Tuesday, May 03, 2011

Honors Business Economics: 4 May 2011

Beyond the Sound Bites (if time after the Quiz):
The Chapter 11 Section 1 Quiz is today.

Clear your desk except for a pencil. Once everyone is quiet, and no talking during the Quiz, we can begin. Be sure to put your name on the Quiz and the Scantron. You may write on both the Quiz and the Scantron.

If you finish early, you may take out non-class materials; once everyone is finished, put away the non-class materials. Then, I will collect the Scantron first, and then I will collect the Quiz.

Be sure your name is on both the Scantron and the Quiz.

If your name is not on the Quiz it will not be returned.

It's two notches above junk and one notch above the equivalent of a single A.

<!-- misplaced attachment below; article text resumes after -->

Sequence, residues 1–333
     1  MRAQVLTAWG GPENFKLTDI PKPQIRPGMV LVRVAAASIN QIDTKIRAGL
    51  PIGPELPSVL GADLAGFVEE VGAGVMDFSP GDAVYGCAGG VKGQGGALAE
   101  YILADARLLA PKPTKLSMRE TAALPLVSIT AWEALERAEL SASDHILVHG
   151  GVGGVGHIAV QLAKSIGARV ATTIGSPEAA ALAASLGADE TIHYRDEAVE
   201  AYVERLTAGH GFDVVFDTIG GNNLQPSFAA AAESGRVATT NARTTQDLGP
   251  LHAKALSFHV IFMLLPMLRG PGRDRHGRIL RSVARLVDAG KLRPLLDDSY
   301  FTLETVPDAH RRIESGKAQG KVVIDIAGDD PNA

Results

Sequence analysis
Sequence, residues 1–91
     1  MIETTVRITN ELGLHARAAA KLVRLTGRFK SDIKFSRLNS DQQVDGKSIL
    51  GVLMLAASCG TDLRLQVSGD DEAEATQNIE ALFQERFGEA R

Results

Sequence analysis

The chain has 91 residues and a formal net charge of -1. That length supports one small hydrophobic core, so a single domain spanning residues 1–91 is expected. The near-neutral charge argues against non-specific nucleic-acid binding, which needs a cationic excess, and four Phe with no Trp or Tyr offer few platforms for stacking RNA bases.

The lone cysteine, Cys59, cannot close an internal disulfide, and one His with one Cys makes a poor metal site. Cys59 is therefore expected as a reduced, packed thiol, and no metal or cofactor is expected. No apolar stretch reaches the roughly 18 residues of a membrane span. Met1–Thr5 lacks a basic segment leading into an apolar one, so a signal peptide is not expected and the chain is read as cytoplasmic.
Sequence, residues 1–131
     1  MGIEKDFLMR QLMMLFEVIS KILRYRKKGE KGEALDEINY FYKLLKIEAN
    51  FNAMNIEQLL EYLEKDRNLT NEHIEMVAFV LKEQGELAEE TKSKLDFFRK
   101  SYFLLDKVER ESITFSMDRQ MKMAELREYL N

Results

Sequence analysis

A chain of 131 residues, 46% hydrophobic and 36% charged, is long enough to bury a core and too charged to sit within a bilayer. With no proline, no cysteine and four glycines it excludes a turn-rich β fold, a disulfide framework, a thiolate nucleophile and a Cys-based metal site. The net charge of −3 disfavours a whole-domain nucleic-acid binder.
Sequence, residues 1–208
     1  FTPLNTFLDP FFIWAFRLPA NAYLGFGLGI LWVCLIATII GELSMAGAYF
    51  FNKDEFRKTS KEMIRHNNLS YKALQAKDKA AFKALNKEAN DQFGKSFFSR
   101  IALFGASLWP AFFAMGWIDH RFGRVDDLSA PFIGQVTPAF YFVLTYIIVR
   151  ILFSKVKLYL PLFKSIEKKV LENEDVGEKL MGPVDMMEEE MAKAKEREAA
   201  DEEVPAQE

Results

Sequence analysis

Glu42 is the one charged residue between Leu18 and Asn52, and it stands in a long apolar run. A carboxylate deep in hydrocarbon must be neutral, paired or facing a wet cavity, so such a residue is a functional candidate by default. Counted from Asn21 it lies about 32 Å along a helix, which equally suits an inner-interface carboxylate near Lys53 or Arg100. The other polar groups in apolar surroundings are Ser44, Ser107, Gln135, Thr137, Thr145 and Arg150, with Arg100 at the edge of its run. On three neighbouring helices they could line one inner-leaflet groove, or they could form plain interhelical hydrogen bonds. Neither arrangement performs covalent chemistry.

The Chapter 10 Test Make-up is today.

Skip #31; leave it blank.

The Chapter 10 Section 3 Quiz Make-up is today.

The Chapter 10 Section 2 Quiz Make-up is today.

The Chapter 10 Section 1 Quiz Make-up is today.

The Chapter 9 Test Make-up is today.

The Quiz 9.(4) Prep Page is available.

For the Make-up Quiz, consider the material found in Chapter 9 Section 3:

minimum tax, VAT (Value-Added Tax), flat tax, federal tax reform, business taxes, profits, tax burden, personal income rate, depreciation, investment tax credit, and, capital gains.

Cf. http://shanawiki.wikispaces.com/Honors+Business+Economics+Chapter+9+Section+4+Quiz+Prep+Page+Spring+2011

Standard feature:

The electronic edition of the Philadelphia Inquirer is available. We have the Sunday edition, available on Mondays, in addition to the Tuesday through Friday editions on the other days.